Google also hopes to better compete with Apple, which keeps a tight rein on its operating system and knows that every iPhone, iPad and iPod is running the exact same version of the software.
Google's problem with Android is that it was released as open-source software, available for anyone to use and also -- and here is where the trouble comes in -- to modify in any way they see fit.
Smartphone manufacturers, almost without exception, have modified Android to create their own custom versions, with modified user interfaces and features not found in the "pure" release version to differentiate their phone offerings from those of the competition.
So Sprint phones run on "Sprint Android" and T-Mobile phones come with "T-Mobile Android" and so on.
Tablet manufacturers have followed suit.
The problems arose when new versions of the stock Android were released. The upgrades could only make their way into the Android device universe painfully slowly, as each manufacturer had to go back to square one to modify the new version so it could successfully begin to update all the phones or tablets of its existing customers. This often took months or even longer, leading to customer frustration.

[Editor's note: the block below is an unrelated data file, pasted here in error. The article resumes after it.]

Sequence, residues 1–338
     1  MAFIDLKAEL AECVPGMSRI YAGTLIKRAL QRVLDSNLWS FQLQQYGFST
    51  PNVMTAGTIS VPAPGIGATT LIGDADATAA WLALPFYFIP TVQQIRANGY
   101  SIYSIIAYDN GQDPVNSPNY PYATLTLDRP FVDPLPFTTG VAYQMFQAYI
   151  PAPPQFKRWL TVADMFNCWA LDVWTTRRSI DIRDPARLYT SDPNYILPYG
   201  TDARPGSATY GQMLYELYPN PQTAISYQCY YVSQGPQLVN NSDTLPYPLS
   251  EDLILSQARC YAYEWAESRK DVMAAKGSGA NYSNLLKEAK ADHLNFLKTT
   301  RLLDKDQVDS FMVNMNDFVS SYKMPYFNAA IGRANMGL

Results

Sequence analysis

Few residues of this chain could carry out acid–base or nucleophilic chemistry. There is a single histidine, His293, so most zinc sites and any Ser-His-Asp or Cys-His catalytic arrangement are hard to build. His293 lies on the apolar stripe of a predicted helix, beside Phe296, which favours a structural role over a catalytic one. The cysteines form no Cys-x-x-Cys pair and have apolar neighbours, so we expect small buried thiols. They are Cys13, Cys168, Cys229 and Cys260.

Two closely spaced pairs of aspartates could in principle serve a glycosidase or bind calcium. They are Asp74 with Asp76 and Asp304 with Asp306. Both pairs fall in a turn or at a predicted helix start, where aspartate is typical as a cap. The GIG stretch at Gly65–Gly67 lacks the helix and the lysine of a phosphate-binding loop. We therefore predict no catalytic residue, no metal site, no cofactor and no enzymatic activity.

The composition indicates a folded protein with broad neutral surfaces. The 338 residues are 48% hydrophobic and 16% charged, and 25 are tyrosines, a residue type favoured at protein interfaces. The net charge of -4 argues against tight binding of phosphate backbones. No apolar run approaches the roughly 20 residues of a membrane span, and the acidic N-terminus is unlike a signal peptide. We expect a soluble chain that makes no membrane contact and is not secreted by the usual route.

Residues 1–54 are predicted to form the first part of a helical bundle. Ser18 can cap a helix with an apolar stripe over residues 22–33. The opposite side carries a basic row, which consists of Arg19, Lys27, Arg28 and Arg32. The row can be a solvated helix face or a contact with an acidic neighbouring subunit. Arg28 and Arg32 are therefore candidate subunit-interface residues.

Compare that with Apple. When it was ready to release iOS 5, it knew that every Apple device out there running iOS 4 was running a single version -- Apple's version -- and was therefore ready to be upgraded without problems or delays.
Google made one attempt to offer consumers its own branded phone running pure, unmodified Android but could not compete with the marketing clout of established cellphone carriers, who continued to offer heavily subsidized phones running their versions of the operating system.
To improve the fragmentation situation, Google announced plans this week to give multiple mobile-device makers early access to new releases of Android and said it would sell devices made by those manufacturers directly to consumers.
Previously, Google's practice had been to choose just one hardware manufacturer to produce a "lead device" running the latest version of Android, before releasing the upgraded software to other phone and tablet makers, after which it could only sit and watch as the fragmentation began all over again.
By working with as many as five manufacturers and selling direct rather than through cellphone carriers, Google and its hardware partners could get devices to market faster, often by several months, analysts said.
Rajeev Chand, head of research at Rutberg & Co., said the Android world has turned into a "Wild West" in which app developers have struggled to make sure apps are compatible with hundreds of different Android-powered devices with their modified versions of the operating system.
Device makers and carriers alike have left their imprint on devices, meaning the "consumer experience is highly variant," he told The Wall Street Journal.
Google's shift in strategy is likely meant "to create a more standardized experience for consumers and app developers," similar to that of Apple, Chand said.